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Tikkun Olam in Action – Temple Beth Am Mitzvah Day 2012

On Sunday, May 6th, 400+ Temple Beth Am Religious School students, 50+ parents and 30+ teachers could be found hard at work on multiple mitzvah projects to serve our community. The positive energy in the classrooms was palpable and smiles were everywhere. This year, nine different grade levels from PreKindergarten (our 4 year olds) all the way up to our 7th graders learned about the many critical needs throughout our community.  Each grade level found a special way to impact those in need.

Some of the highlights of the day were: 

–         PreK children helped to make catnip toys for newly adopted kitty cats at the Seattle Animal Shelter.
–         Kindergarteners created colorful collages of happy faces which were then turned into laminated placemats for residents of Providence Elderplace.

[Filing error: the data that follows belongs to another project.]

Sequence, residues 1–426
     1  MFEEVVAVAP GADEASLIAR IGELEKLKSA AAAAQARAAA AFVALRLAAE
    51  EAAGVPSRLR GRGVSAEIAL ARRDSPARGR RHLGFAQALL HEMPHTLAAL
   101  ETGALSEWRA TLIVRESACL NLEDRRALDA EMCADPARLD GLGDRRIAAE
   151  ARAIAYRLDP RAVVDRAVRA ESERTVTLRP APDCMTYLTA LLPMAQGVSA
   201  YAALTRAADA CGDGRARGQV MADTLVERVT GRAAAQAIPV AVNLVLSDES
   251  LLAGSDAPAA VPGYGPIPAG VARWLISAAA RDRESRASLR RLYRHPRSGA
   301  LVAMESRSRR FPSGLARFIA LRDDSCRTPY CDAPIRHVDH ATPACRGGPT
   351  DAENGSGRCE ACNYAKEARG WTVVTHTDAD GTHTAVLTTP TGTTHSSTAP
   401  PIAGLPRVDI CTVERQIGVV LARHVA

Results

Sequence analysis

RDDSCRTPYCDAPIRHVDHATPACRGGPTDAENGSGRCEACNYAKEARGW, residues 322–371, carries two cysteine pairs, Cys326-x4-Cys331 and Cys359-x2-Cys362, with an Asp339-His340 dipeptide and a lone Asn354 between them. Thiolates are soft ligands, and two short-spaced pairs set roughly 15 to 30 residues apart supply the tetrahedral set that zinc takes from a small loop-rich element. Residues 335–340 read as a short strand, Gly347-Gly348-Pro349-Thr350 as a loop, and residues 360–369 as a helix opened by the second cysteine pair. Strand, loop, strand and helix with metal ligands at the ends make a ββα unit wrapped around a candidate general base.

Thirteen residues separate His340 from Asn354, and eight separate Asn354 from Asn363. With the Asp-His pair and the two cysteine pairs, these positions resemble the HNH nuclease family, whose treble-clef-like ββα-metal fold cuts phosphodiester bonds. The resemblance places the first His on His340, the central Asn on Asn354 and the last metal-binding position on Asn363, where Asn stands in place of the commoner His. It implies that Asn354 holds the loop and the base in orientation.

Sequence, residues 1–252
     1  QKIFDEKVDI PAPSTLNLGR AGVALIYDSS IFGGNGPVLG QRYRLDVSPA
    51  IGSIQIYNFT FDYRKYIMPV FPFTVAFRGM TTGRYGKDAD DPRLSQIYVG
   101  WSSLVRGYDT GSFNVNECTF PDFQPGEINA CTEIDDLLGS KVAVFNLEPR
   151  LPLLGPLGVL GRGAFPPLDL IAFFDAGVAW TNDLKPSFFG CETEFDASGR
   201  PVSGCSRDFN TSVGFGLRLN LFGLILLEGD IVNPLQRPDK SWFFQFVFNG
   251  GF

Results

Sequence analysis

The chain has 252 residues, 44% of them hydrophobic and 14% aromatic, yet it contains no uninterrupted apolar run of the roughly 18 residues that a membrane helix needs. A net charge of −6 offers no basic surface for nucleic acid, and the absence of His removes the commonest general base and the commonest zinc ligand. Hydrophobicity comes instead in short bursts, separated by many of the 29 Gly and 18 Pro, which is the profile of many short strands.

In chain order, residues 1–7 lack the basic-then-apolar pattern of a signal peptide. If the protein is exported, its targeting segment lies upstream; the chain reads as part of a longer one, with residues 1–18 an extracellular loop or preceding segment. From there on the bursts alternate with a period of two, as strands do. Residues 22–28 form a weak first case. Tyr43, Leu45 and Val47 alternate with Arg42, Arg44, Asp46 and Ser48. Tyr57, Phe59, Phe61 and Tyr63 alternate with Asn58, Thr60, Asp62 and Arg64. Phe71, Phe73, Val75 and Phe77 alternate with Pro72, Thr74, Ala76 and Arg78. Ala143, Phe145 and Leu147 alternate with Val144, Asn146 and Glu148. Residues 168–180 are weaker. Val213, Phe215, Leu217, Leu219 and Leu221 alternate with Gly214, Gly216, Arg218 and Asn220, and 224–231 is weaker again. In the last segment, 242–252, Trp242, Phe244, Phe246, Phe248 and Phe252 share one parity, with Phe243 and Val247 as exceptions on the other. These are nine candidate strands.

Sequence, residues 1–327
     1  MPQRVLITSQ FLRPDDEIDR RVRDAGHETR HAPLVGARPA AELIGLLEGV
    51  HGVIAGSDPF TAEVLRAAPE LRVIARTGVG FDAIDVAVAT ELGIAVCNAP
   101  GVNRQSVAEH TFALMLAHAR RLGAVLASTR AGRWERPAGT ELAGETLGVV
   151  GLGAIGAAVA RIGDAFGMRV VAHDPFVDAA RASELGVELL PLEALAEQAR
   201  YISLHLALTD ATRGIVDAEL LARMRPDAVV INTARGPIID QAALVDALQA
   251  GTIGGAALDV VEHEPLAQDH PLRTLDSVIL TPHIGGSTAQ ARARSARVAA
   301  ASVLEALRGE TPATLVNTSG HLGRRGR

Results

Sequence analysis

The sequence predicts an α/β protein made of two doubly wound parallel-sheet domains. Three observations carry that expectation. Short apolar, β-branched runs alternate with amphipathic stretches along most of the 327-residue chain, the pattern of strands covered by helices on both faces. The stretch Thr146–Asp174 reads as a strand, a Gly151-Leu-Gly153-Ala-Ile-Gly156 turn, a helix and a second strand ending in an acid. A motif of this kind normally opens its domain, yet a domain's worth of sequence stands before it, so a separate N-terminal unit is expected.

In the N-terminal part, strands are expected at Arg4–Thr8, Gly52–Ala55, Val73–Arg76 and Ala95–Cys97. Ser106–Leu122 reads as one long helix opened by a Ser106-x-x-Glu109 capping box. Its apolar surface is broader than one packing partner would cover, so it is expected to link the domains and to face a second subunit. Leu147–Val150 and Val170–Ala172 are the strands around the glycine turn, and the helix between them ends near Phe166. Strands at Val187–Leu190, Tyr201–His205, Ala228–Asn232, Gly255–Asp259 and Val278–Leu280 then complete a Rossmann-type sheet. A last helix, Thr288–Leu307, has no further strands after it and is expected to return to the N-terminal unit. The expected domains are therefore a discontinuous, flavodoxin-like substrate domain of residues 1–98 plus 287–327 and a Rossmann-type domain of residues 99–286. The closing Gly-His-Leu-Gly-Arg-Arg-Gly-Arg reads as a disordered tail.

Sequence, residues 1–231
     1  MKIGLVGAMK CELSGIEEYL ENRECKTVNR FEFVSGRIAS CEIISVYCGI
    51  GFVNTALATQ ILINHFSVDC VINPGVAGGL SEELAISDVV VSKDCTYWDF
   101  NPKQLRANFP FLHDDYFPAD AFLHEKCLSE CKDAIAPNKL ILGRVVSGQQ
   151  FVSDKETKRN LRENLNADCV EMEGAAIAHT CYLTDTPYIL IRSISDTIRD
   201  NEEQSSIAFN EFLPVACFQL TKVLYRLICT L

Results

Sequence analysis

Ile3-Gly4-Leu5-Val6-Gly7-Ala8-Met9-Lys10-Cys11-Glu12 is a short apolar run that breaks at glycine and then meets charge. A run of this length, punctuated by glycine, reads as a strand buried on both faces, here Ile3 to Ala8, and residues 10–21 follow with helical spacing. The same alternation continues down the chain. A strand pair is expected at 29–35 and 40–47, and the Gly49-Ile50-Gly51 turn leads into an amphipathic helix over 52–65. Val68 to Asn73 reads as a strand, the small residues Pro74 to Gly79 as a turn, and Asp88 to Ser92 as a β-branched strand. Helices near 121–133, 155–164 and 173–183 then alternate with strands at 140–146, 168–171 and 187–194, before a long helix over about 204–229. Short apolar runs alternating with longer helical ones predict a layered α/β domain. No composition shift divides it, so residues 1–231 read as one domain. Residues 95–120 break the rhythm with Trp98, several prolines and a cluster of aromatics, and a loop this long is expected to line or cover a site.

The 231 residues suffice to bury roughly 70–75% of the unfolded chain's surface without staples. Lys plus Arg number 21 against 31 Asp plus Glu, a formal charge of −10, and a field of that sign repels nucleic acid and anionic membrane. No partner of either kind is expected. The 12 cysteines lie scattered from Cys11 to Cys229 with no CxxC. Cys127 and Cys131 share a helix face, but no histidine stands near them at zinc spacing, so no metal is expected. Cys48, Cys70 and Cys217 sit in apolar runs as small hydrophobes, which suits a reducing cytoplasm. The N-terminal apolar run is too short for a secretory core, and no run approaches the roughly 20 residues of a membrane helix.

–         Our joyful, energetic 1st grade students visited Ida Culver House and entertained the residents with songs, storybook reading, and colorful drawings.
–         The staff at Treehouse, http://www.treehouseforkids.org/ an organization that serves the needs of foster children, requested kid-created stationary.  Our 2nd graders did a fabulous job producing the requested stationary.
–         Our industrious 3rd grade students prepared a meal for homeless teens.  An excellent speaker from Teenfeed  www.teenfeed.org  helped the students understand the causes of teen homelessness.
–         Mary’s Place, http://marysplaceseattle.org/ a community center serving homeless women and their children, was the recipient of more than 100 personal hygiene kits. These kits were lovingly assembled by our 4th graders and an encouraging note was added to each kit.